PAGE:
Doulas in Demand
Having a Doula is more popular now than ever before. Part mother's assistant, part birthing coach, doulas are showing up in delivery rooms and quickly becoming an important part of the maternity healthcare team. Recent studies have shown that the use of a Doula results in improved physical outcomes and emotional well-being of a mother and her infant. JustMommies.com sat down with Cheryl K. Baker, Founder of Birth Partners. Cheryl is a twenty-nine year veteran of the labor room, a DONA certified Labor Doula, a Certified Bradley Educator and a Certified Lactation Educator from UCLA. She has been a birth attendant for hundreds of births and is going to fill us in on everything we need to know about Doulas…
JustMommies:For those of us who don’t know ~ what exactly is a Doula?
Cheryl:A Doula is a professional trained in childbirth who will help the family through their birth process. A Doula’s goal is to empower, educate and support a woman, so that she can have a positive pregnancy, labor, birth and postpartum experience.
Doula services include informational, physical and emotional support:
- Education about the birth process
- Explanation of medical procedures and interventions
- Addressing all questions, fears and concerns
- Help with preparation of a birth plan and goals for the birth
- Massage and other non-pharmacological pain relief measures
- Guided relaxation techniques
- Body positioning and movement suggestions
- Birth ball use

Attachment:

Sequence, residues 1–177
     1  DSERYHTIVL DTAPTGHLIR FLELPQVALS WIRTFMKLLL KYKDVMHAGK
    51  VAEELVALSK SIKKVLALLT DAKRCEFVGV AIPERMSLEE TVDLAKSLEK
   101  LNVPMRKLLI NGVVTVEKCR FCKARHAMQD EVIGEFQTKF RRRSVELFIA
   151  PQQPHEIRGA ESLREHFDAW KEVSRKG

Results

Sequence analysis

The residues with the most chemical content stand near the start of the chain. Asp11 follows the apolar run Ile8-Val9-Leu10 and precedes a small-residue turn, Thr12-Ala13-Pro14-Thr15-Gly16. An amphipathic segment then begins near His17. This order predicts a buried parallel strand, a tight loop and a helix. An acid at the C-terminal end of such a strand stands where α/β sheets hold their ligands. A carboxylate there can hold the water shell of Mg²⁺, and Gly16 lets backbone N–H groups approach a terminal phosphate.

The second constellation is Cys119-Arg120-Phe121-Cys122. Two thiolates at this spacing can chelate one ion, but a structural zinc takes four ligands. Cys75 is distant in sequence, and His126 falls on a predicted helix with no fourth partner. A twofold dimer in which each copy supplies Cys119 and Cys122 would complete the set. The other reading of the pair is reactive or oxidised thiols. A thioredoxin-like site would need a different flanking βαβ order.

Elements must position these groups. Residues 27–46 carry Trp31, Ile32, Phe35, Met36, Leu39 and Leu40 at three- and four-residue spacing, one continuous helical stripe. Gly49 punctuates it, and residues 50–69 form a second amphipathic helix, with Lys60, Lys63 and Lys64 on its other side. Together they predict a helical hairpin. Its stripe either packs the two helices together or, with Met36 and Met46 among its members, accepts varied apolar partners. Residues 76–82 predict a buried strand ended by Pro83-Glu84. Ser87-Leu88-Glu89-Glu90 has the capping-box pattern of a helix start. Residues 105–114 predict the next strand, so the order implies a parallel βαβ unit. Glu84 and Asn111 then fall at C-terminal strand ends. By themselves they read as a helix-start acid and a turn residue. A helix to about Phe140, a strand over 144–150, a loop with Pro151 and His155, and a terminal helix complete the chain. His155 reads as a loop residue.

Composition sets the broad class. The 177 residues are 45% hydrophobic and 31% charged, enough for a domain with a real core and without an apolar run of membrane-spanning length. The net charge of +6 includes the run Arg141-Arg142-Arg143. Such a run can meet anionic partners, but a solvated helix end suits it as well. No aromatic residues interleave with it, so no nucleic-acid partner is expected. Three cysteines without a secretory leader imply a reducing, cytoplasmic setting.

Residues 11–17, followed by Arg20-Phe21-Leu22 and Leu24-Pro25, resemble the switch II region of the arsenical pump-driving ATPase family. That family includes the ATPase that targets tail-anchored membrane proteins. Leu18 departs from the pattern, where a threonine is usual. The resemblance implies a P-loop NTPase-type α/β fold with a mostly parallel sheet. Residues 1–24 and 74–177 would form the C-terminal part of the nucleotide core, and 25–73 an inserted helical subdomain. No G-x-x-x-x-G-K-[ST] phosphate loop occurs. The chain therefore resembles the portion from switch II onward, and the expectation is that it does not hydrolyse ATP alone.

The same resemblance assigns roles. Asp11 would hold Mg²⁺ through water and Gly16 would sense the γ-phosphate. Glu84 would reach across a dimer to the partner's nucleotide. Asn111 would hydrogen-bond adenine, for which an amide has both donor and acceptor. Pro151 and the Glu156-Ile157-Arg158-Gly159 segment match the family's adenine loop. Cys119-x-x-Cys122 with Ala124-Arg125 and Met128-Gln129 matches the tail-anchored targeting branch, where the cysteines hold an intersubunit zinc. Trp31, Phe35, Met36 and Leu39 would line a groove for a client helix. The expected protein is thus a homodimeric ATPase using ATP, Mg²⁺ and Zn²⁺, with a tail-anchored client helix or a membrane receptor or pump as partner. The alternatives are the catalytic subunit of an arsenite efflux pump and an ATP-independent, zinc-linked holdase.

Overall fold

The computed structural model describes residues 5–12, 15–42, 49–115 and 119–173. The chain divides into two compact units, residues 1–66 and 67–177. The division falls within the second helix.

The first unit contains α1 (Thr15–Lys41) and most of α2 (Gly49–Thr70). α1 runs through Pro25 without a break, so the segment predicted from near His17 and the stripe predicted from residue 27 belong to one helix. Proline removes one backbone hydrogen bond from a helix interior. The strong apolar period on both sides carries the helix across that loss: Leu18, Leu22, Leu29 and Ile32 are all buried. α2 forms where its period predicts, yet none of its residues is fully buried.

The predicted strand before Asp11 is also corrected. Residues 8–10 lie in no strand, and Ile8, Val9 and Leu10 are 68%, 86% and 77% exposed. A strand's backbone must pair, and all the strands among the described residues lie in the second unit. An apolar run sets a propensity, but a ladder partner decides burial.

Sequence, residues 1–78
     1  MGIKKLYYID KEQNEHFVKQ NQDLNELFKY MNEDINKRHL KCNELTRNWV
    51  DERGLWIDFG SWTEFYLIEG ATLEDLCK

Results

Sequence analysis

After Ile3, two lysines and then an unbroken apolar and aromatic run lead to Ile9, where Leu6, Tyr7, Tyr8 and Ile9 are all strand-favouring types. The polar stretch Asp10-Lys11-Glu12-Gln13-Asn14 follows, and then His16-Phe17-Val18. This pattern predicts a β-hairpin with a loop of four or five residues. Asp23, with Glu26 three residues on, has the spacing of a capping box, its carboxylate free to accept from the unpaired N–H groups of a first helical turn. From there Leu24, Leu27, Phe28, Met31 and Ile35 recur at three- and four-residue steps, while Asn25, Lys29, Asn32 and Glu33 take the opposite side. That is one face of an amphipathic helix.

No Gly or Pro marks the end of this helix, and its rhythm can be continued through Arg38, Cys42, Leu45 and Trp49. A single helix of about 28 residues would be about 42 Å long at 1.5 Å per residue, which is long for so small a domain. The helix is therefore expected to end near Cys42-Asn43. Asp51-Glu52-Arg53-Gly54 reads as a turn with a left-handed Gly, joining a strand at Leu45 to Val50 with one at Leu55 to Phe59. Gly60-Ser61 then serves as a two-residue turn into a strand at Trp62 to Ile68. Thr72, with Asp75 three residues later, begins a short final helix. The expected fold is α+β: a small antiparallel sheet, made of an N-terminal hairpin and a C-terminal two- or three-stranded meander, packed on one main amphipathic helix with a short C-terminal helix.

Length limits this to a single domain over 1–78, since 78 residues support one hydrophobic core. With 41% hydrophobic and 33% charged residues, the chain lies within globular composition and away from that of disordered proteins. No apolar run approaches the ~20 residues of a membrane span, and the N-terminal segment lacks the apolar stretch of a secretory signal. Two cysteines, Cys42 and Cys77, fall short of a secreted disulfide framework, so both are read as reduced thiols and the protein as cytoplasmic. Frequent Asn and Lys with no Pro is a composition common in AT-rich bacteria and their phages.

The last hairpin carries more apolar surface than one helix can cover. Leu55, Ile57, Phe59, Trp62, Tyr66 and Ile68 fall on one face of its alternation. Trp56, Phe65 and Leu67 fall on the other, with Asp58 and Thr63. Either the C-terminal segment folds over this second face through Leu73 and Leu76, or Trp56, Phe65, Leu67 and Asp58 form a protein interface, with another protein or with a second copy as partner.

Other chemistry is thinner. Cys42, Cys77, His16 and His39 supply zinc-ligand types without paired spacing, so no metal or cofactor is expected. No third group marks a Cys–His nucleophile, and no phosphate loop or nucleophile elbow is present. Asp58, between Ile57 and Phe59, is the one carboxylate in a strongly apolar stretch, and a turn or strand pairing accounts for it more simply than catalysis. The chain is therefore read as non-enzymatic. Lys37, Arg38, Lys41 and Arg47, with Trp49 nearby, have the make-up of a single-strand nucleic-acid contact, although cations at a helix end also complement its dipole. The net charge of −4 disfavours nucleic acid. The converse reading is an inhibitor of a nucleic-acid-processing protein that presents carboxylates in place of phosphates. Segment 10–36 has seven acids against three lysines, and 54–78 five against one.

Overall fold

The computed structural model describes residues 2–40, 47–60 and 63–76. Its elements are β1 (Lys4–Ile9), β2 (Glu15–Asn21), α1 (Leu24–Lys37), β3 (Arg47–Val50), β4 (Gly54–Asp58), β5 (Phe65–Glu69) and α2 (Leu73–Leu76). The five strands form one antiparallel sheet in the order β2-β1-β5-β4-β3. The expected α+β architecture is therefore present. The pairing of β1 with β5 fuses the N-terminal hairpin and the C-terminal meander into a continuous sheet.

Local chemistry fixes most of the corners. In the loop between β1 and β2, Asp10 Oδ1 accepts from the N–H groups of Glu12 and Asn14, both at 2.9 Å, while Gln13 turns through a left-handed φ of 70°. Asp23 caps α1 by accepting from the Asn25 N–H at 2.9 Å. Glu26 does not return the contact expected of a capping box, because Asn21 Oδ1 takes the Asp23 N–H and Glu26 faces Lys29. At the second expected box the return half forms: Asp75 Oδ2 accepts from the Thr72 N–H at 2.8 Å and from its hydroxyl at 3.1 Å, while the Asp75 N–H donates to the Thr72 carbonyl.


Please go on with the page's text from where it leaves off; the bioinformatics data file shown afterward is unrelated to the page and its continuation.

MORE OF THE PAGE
- Positive assurances, advice during pregnancy
- Support for the partner during the delivery process
- Breastfeeding support
JustMommies:What are some proven benefits of Doula care?
Cheryl:Studies have shown that having a Doula during labor…
- Decreases cesareans
- Shortens labor, with fewer complications
- Decreases the need for pitocin (a labor-inducing drug), forceps or vacuum extraction
- Decreases the need for epidurals
- Reduces levels of anxiety
- Enhances the maternal/infant bond
JustMommies:How do you find a good Doula?
Cheryl:One way is to ask your Obstetrician. If your Obstetrician is Doula-friendly ~ he or she may have already worked with a really amazing Doula in the community. That would be the first place to start. Your childbirth educator is also another good resource. I would also check with your friends. If they’ve used a Doula, they might recommend the person who helped them. You can also check out the DONA website (Doulas of North America). They have a ton of great resources and Doulas listed in your area.